FORT MYERS

The destruction of Ian cost many people their homes or jobs in Southwest Florida, and it exacerbated an already massive affordable housing crisis.

Social workers are working all over Southwest Florida completing what’s called a homeless count, which means counting the number of homeless people.

The homeless settled in the Park of Lions. CREDIT: WINK News

The first goal is to estimate the number of homeless people in Southwest Florida, which is problematic because that number is constantly changing.

Walking around Lviv Park, you’ll see playground equipment, vending machines filled with items, black garbage bags full of clothes, and people relaxing on benches.

“My life is so crazy, you couldn’t write a book about it,” WINK News’ homeless man Josh Uschelette told the park.

“I have to smile… Pardon my language, but I have to smile about this shit,” Uchelet said.

“I go to the labor pool and make my sixty bucks a day,” said Uschelet.

Ask anyone and you’ll find that $60 a day won’t get you very far. On Tuesday, Uschelet marked the 22nd year in a row in the annual Pitt Count.

“From the age of 15, I went from a football to a basketball scholarship … Somehow to this,” Uschelet said.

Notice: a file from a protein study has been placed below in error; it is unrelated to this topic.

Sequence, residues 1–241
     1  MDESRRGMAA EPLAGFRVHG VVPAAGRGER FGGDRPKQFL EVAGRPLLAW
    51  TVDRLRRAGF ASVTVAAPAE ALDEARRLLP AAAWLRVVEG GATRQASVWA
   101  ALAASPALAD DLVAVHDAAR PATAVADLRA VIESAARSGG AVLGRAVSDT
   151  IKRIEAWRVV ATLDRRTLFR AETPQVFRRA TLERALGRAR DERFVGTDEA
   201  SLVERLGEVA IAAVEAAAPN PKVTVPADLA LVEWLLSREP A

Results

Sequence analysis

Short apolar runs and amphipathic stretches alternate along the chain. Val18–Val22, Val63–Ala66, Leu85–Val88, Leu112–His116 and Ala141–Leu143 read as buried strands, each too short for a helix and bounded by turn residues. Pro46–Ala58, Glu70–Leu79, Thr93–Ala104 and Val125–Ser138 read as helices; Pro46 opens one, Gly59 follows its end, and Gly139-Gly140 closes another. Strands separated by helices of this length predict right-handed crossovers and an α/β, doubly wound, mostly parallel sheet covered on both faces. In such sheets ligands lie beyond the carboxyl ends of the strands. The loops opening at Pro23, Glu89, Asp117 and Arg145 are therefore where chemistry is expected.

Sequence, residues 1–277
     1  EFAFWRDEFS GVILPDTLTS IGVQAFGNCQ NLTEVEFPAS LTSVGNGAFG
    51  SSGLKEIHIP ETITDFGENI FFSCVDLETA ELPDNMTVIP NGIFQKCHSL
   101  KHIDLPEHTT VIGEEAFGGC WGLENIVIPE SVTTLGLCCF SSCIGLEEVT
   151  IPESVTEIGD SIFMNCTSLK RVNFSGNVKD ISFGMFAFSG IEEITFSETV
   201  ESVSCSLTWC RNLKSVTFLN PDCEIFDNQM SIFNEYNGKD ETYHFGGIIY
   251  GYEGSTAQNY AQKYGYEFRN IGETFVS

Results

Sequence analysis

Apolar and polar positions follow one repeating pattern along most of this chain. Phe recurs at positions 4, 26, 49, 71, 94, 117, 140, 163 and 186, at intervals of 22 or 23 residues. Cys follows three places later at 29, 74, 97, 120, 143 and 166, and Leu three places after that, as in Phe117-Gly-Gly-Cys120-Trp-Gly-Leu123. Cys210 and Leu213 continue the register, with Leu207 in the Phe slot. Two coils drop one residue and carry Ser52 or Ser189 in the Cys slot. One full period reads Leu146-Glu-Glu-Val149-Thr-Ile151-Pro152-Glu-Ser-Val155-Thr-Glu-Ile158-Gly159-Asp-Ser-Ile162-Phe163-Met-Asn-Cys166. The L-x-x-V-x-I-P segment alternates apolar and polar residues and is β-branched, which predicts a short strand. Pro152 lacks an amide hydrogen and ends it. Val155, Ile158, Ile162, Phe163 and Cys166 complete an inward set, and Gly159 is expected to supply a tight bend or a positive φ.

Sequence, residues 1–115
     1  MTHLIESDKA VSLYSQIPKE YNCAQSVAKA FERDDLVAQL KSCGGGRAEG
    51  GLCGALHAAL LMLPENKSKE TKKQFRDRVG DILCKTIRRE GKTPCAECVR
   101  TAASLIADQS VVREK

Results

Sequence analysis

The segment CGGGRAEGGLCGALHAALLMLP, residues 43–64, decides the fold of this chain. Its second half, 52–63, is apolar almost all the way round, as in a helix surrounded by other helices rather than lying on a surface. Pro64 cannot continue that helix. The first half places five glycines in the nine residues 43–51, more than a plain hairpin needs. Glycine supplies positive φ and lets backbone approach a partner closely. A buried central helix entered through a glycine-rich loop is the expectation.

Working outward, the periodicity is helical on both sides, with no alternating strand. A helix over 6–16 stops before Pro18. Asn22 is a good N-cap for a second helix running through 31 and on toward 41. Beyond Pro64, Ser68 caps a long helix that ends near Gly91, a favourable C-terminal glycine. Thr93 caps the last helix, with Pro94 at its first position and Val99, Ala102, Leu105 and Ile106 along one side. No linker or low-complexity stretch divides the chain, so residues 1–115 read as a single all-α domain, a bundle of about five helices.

But not all visitors to Lions Park are regulars.

Sitting in the park. CREDIT: WINK News

“There are a lot of new guys, and me [sic] because they sleep on my seats, said Uchelet.

“We’re seeing a lot more development, which means people who may have lived in a wooded area are now being pushed out onto the streets and becoming more visible. Obviously with Hurricane Ian coming through recently, it’s not only going to affect people who are already homeless, but we also know there are people who have lost their homes as a result of the hurricane. And then we also have a massive affordable housing crisis,” said Thomas Felke, a professor of social work at FGCU.

Felke coordinates groups of students who must go out and do the counting. During the count, they also interview people asking why they are homeless.

“I wasn’t homeless during the hurricane. After the hurricane, all of this… This is the result of that,” Kasia McCoy said.

McCoy told WINK News that her apartment was damaged beyond repair.

WINK News asked McCoy where she slept at night.

“The back of churches. Sometimes the steps of churches,” McCoy said.

McCoy then explained what a night meant to her.

“When you’re not trying to stay warm, you’re trying to stay safe. And safe is best,” McCoy said.

Professor Felke believes his students will understand that many say they are homeless because of the hurricane.

Previous article15-year-old sentenced to 3-9 years in prison for death of 16-year-old Mount Vernon cheerleader Kayla Green
Next articleA trial date has been set for the man in connection with the death of TPD Officer Christopher Farriello